• Wonder Woman #16 brings the narrative back on track, setting the main characters’ sights (literally) on the baby of Zola and Zeus.  With the help of Wonder Woman’s brother, Milan, the group are able to see that the baby is in the arms of both Hermes and Demeter in the latter’s stronghold.  We are given further information about just why Orion has come to Earth and what his intentions are regarding the Gods of Earth.  In the Arctic, we see the First Born battling the forces of one of his unnamed uncles that were sworn to guard his burial place as well as the unmasked benefactor of the First Born who dug him out of the tundra.  The identity of this person caught me a little off guard and I look forward to future revelations regarding that character.  Finally Zola and Hera, who really hate one another and have tried to kill each other often, find a common ground and begin to thaw in their relations with one another.  This issue by Brian Azzarello really was intriguing, as well as giving evidence of greatness to come in future installments.  Cliff Chiang remains an incredible artist and renders all aspects perfectly in the tone dictated by Azzarello’s story.
    The Baby with the Starry Eyes

    The Baby with the Starry Eyes

  • DC Universe Presents: Black Lightning and Blue Devil #16, like last time,  is a placeholder, but one that ends the current story arc.  Here’s hoping the next three issues are better.
  • JSA Liberty Files: The Whistling Skull #2 was yet again confusing.  I’m going to have to do two placeholders in a row, because while this series has yet to come together in any meaningful way, I hold out hope that it will eventually when writer B. Clay Moore decides we should start to understand it.  Honestly though, this issue and its predecessor were just random events thrown into a metaphorical blender.  The only thing that links the two are references to the children disappearing and then being incinerated from the inside out.  Other than that the characters, their origins, motives, and affiliations are all a complete blank.  Holding down the fort is Tony Harris with incredible art.  Barring that and its association with the other two JSA: Liberty Files miniseries, I would say pass this one up.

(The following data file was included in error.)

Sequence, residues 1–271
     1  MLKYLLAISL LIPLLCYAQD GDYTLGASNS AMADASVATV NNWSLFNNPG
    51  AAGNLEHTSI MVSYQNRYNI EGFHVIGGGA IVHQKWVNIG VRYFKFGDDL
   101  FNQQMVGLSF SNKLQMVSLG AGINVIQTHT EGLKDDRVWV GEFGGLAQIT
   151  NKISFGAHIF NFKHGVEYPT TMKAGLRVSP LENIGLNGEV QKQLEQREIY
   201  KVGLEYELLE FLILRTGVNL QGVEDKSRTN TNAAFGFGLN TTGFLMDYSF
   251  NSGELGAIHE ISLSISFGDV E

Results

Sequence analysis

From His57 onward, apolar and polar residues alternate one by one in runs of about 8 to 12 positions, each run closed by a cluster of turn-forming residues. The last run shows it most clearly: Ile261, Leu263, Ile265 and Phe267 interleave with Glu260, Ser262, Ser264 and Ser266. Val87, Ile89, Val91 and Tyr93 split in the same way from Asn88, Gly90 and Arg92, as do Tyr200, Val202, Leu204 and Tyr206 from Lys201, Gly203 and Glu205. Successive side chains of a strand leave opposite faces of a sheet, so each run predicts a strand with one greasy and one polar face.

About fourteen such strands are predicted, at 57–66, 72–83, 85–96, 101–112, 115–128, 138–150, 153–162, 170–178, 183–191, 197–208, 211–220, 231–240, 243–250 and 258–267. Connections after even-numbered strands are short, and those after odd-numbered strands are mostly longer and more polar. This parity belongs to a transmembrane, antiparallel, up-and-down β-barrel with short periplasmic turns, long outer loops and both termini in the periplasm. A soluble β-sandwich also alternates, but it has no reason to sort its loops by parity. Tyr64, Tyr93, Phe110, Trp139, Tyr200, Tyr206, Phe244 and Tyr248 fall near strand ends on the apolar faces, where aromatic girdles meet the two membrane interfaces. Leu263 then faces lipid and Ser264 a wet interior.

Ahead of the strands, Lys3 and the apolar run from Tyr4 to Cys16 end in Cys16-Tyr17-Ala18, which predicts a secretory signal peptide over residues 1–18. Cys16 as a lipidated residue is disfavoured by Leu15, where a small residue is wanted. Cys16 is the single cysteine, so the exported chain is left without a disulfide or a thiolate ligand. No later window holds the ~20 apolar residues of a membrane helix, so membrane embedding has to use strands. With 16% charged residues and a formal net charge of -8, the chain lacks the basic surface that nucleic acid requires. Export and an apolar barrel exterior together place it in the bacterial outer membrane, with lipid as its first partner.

• Sword of Sorcery #4 begins with an Amethyst story taking place after she concluded her stint in Justice League Dark #14 but before she returns to her “home world”, the gem world of Nilaa.  Asking Constantine to take her quickly to Chicago for a last taste of pizza before returning to a world without Italian food from which she may never return, she stumbles across more evil magic on Earth that demands her attention.  This little yarn wasn’t that interesting or important to the main story, so we’ll chock this installment up to a less than exciting vacation and continue with the series anew next month, this time back in Nilaa where the character truly belongs, both inside and outside of the narrative. Also this month begins the Stalker backup feature written by the DC Universe Presents: Black Lightning and Blue Devil scribe, Marc Andreyko.  I didn’t care for his above storyline and I can’t say that I liked this one either.  It was okay.  Much better than the Black Lightning and Blue Devil story, but the problem was that he was re-imagining a work of genius from the past with which I had a deep affection.  Paul Levitz wrote four issues of the Stalker series with Steve Ditko on pencils, before the series was cancelled due to the comic book implosion of the late 70’s.  With the original, it was a true swords & sorcery title that had a very straightforward, dark, and twisted character.  This run by Andreyko tried too hard to make him grandiose and relatable and totally missed the mark on all counts.  It then proceeds to show him living through the ages and emerging in the here and now, which again is completely WRONG for this title.  For those who want to know more about what the original series is about, I am going to put this link to my review of the Steve Ditko Omnibus in which the four issue of the Stalker series are collected: https://offthepanelcomicreview.wordpress.com/2012/02/26/review-the-steve-ditko-omnibus-vol-1-starring-shade-the-changing-man/